What they do care about is growing their business and solving their problems. However, too often, salespeople barge into a company president's office, proclaiming how great their product or service is without learning anything about the prospective customer.
If this sounds like your sales force, they need to be retrained, says Marc Miller, president of Twinsburg-based Sogistics Corp., a sales and marketing training service.
"What salespeople want to do is jump in very, very early with solutions and be aggressive with closing," Miller says. "That is the worse thing you can do. That will cause the market to push you away because no one wants to deal with Rambo."
Miller says a more effective closing method is the consultative approach. Find out about prospective customers' needs and what their problems are, and don't talk about your solutions until much later.
"Salespeople are often very linear," Miller says. "The problem with that is it makes no sense from a buyer's perspective."
Shorten the cycle
If you're selling large-ticket items like health care services or technology solutions, the better approach is to extend the amount of time in the beginning of the sales cycle, Miller says.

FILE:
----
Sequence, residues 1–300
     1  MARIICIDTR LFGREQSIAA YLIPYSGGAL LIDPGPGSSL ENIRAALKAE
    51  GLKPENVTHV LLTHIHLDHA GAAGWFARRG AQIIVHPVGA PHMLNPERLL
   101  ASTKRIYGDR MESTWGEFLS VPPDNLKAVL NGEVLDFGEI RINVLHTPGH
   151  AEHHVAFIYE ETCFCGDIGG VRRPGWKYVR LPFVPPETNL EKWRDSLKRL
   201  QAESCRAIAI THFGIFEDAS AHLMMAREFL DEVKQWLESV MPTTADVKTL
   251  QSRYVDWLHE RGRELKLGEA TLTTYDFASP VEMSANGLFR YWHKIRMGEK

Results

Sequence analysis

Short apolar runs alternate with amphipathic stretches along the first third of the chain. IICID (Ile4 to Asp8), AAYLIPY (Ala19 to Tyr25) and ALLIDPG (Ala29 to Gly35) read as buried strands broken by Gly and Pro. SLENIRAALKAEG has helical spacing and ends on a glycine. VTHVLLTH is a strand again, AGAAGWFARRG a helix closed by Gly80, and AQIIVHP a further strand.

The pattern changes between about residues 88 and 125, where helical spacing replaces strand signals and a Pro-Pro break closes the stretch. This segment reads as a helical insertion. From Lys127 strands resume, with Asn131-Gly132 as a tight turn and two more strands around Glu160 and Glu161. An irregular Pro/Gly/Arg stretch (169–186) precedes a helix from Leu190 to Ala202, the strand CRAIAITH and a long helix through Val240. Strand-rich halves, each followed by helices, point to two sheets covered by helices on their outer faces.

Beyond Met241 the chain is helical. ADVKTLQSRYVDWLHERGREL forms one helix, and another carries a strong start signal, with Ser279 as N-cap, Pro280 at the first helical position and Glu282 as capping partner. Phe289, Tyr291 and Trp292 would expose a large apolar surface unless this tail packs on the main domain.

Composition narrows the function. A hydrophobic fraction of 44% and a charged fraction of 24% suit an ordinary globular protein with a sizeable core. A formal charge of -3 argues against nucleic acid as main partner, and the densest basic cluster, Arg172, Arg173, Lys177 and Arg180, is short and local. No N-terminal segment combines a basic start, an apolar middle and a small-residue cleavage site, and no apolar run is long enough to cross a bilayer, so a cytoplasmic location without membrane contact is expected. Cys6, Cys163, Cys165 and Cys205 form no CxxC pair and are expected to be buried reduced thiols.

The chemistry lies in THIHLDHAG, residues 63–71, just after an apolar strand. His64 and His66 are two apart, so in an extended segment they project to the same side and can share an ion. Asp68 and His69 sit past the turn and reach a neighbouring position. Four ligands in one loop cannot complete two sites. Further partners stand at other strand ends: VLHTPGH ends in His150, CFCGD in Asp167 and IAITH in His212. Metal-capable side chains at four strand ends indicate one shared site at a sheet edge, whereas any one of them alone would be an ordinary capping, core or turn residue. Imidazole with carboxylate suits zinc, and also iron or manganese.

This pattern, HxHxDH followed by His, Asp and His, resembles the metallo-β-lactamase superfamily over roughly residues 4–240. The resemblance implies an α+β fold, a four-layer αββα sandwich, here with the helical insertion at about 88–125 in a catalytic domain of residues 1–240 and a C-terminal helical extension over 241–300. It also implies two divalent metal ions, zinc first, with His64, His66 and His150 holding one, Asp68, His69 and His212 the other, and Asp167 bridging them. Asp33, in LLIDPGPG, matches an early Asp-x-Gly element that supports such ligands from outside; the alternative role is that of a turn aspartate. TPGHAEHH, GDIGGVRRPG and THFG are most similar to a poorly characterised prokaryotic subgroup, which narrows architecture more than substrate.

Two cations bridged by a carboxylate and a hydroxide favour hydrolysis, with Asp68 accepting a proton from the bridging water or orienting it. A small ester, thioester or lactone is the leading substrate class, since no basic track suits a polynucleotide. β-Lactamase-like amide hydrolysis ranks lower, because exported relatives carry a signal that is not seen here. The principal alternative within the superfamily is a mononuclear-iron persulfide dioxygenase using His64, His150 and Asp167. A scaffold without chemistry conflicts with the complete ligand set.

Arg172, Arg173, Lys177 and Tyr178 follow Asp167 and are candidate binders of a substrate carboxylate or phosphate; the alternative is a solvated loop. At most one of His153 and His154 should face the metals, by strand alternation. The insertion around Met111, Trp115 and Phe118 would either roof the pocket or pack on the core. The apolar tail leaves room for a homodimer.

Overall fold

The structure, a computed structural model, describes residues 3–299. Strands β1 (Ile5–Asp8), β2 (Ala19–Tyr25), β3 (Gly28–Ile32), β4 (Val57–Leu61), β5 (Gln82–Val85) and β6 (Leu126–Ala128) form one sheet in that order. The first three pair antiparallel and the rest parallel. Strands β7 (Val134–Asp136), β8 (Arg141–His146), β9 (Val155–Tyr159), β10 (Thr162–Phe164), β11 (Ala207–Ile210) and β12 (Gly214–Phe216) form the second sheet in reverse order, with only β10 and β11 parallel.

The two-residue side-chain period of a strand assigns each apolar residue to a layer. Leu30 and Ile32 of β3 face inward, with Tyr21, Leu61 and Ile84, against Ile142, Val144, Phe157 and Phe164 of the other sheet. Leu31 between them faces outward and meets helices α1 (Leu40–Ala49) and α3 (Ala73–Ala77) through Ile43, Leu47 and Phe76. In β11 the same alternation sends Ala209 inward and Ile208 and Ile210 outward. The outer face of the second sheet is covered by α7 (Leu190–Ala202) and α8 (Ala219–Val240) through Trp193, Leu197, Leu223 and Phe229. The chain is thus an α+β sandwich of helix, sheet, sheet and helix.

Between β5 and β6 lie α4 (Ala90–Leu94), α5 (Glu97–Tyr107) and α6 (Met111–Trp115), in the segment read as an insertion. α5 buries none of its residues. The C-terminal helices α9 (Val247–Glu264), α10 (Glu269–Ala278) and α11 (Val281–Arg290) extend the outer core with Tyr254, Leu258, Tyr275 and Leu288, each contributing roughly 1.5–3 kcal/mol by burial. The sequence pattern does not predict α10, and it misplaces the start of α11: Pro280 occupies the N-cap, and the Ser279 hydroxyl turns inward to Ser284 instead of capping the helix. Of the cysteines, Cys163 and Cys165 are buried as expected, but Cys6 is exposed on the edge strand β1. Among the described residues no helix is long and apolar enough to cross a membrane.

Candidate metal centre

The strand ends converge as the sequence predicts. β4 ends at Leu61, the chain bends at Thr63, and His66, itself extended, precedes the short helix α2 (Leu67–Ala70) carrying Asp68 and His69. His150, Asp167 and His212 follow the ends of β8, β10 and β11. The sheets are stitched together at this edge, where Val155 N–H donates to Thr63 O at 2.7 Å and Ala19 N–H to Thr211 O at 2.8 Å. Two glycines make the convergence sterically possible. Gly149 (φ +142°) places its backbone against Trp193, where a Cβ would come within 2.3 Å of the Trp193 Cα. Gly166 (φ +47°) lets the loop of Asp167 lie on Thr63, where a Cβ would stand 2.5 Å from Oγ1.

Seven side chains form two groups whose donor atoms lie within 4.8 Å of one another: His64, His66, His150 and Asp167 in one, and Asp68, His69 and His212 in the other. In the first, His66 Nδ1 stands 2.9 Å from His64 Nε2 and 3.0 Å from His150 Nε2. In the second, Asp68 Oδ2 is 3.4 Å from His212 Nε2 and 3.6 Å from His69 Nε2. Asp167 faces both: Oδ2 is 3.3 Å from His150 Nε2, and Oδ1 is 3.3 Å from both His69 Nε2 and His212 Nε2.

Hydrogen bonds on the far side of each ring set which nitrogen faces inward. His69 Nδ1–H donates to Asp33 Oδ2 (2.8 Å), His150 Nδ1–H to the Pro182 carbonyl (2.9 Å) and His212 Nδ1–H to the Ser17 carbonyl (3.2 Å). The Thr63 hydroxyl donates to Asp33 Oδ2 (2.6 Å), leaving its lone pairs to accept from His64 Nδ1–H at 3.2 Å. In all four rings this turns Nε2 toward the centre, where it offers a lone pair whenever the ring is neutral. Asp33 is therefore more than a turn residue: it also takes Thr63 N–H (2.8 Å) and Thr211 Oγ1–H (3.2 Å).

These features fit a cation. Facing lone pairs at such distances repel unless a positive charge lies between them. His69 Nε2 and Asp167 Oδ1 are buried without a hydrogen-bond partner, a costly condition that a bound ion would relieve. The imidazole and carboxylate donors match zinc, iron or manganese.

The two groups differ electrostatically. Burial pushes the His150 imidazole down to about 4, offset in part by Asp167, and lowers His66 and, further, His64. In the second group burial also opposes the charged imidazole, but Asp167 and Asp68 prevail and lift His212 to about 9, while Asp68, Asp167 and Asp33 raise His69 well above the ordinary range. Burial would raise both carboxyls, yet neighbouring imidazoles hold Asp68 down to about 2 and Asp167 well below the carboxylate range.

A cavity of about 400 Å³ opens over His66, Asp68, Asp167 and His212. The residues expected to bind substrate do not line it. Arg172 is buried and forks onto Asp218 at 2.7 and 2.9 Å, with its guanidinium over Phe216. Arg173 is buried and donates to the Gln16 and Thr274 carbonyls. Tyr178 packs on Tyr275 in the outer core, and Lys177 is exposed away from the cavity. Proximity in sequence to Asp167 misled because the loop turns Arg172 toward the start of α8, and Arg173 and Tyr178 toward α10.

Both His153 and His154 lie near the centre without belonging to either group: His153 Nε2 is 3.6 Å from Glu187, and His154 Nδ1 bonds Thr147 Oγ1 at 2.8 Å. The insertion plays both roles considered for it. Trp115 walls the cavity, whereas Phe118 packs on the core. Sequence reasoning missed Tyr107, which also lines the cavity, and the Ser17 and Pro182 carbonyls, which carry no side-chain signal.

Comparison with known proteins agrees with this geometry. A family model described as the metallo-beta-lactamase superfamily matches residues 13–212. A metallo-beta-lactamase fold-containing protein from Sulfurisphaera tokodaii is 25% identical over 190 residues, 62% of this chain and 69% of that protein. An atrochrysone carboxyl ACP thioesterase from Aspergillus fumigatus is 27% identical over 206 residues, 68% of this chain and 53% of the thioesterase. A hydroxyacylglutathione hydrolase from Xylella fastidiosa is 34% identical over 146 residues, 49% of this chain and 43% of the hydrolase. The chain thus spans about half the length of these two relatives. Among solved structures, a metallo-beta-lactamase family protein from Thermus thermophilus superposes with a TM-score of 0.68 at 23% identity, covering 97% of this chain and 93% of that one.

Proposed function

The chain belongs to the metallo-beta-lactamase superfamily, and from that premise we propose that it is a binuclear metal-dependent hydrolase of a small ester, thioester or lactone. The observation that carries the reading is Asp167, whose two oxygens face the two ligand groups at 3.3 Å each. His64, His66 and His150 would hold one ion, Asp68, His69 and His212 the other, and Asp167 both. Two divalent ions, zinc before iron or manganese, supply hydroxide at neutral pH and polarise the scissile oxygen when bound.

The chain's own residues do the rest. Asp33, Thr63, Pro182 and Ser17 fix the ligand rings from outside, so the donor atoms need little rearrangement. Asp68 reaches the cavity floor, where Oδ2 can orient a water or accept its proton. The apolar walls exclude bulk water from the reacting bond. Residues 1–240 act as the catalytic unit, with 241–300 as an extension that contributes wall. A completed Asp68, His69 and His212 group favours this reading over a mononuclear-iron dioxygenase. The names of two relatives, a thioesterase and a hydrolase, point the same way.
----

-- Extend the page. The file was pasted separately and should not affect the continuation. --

"If you spend more time early on building consensus and building the value of the new application, then what will happen is that back end will shorten up dramatically and ultimately reduce your selling cycle time," Miller says.
"It's going to take more than one or two calls."
Know the buyer
Your salespeople should never arrange a sales call without know exactly where the prospect stands in the buying decision. Some prospects are actively looking for your product or service, some may be looking for something different, and others aren't even thinking about it.
"If they're not actively shopping, you need a salesperson who can show the value of the application first and not do some dog and pony show," Miller says.
"And it's not just about asking open-ended questions, but questions that get at objectives of companies that get at dissatisfaction areas of companies, and understand how to grow that dissatisfaction." How to reach: Sogistics Corp., (330) 487-0300 or www.sogistics.com.